The kicker is, I do believe in god, and I do believe that he is responsable for creating the physical and biological systems that exist. I believe that's called the intelligent design theory, isn't it? I believe it because, in the end, you have to accept that something came from nothing at all, or that some form has always existed, which is beyond the ability of the human mind to grasp. The choice then becomes whether that creation was a concious design or a mere happenstance. I find the idea of a total lack of purpose or intention dark and depressing, so I choose the idea of it all having a design or reason to it. But I'm not going to pretend to myself that it is a scientific viewpoint, because it is not, and it should not be presented as science. Of course, there is more to human existence, to my mind, than scientific discovery and exploration, and there are parts of the human condition outside of empiricism. That's why there are other parts of the school curriculum, and creationism could easily fit into one of those. It should not be considered a competing scientific theory with evolution, as the scientific community embraces one and rejects the other.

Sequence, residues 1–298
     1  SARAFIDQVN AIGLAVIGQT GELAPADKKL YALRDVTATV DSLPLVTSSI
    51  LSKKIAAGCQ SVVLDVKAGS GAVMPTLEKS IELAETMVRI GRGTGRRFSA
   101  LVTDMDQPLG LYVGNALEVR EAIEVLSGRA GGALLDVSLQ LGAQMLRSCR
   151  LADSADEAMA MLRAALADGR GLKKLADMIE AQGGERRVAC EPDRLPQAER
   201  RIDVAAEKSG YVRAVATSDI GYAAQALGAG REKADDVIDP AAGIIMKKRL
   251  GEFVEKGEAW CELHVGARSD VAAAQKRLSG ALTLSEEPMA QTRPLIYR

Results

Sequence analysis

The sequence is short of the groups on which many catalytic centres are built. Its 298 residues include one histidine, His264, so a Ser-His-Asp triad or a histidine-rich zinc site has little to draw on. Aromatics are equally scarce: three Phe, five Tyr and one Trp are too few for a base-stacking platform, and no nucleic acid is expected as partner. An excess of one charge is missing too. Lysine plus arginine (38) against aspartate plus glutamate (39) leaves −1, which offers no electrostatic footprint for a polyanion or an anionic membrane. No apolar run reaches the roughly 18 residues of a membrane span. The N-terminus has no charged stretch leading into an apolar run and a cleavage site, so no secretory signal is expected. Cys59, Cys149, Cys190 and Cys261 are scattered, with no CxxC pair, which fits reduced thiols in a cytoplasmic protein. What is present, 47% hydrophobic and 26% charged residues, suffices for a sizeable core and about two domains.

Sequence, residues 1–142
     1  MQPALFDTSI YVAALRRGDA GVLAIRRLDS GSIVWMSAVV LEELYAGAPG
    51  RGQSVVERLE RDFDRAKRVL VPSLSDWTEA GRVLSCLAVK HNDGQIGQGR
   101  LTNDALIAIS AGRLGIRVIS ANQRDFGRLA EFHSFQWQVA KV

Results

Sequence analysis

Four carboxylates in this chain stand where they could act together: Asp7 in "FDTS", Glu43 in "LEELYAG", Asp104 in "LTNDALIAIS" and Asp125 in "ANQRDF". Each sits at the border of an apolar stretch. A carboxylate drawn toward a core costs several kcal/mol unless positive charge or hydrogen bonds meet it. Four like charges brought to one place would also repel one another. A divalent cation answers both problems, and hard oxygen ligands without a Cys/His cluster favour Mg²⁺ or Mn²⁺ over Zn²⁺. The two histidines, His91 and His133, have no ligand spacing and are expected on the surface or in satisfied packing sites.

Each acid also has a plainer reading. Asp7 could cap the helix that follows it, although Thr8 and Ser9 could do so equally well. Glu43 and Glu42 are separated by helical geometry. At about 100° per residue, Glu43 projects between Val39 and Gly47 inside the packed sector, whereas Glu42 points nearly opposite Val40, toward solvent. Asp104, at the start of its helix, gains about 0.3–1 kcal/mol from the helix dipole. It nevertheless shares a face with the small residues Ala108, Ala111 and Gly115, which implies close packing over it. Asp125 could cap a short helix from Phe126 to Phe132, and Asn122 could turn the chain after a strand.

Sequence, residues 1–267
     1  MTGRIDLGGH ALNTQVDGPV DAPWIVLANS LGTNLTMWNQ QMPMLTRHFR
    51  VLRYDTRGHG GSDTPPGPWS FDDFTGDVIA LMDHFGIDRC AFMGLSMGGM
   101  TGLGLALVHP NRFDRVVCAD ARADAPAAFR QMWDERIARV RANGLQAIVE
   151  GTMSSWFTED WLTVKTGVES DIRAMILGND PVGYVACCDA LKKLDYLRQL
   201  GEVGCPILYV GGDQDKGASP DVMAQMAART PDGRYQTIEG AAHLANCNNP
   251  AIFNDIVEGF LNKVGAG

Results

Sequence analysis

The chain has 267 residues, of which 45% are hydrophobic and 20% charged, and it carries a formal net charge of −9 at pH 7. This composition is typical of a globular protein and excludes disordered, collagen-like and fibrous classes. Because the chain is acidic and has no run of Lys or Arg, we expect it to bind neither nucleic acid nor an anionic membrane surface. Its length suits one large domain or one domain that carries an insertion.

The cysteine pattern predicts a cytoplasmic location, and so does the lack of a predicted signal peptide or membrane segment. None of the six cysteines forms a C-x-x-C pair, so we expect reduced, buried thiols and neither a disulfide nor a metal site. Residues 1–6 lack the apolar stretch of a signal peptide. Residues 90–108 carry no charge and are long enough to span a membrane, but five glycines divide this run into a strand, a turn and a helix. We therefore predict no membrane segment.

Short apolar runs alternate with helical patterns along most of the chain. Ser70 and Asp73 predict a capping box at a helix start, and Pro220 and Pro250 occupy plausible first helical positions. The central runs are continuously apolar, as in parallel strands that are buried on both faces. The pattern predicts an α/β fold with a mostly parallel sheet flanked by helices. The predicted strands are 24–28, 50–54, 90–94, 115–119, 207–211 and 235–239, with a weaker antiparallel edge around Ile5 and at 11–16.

island 13 years, 7 months ago

Posted by Savage on September 26 at 10:11 a.m.

"My zo teacher believed in creatibelieved that after creation, evolution proceeded and began to take it course as well. Not too separate theories, but rather a combination of the two.

Unfortunately the media plays it off like it has to be onism, but just one way or the highway. The stories by design seem to gear people to pick a side rather than come to some kind of compromise. It's totally absurd."